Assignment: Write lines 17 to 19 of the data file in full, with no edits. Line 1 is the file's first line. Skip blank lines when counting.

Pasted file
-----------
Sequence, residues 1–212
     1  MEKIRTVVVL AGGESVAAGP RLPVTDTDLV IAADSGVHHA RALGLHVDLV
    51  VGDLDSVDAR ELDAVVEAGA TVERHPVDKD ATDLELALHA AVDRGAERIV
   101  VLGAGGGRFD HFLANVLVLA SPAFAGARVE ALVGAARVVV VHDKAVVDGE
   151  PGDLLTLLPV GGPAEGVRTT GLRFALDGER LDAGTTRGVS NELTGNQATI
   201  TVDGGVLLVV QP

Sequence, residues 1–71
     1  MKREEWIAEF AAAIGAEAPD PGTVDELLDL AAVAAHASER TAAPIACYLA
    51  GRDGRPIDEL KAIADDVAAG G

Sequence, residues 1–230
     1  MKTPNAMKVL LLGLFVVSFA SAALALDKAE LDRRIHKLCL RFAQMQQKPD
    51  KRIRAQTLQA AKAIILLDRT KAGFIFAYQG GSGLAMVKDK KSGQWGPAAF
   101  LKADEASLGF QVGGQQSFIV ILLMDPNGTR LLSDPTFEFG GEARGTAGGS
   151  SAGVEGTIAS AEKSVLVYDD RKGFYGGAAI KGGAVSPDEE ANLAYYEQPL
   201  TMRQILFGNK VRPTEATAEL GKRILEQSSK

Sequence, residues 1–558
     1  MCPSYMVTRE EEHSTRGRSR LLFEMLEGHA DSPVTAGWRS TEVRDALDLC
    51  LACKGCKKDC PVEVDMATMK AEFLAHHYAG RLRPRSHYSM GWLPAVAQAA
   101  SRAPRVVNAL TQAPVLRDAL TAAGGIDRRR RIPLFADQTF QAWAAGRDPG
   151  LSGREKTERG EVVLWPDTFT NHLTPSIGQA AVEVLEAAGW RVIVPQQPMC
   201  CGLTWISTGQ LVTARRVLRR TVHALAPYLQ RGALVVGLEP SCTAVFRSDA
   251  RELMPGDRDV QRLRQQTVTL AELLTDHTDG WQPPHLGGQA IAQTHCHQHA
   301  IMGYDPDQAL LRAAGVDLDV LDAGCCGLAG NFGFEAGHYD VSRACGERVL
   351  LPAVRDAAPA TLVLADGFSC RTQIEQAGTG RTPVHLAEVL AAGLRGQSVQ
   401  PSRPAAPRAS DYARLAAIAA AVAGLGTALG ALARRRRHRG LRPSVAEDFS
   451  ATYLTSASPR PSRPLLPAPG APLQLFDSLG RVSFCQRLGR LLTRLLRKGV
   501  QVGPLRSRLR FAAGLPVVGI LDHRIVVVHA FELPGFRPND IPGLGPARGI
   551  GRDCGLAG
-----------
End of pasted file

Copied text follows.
     1  MCPSYMVTRE EEHSTRGRSR LLFEMLEGHA DSPVTAGWRS TEVRDALDLC
    51  LACKGCKKDC PVEVDMATMK AEFLAHHYAG RLRPRSHYSM GWLPAVAQAA
   101  SRAPRVVNAL TQAPVLRDAL TAAGGIDRRR RIPLFADQTF QAWAAGRDPG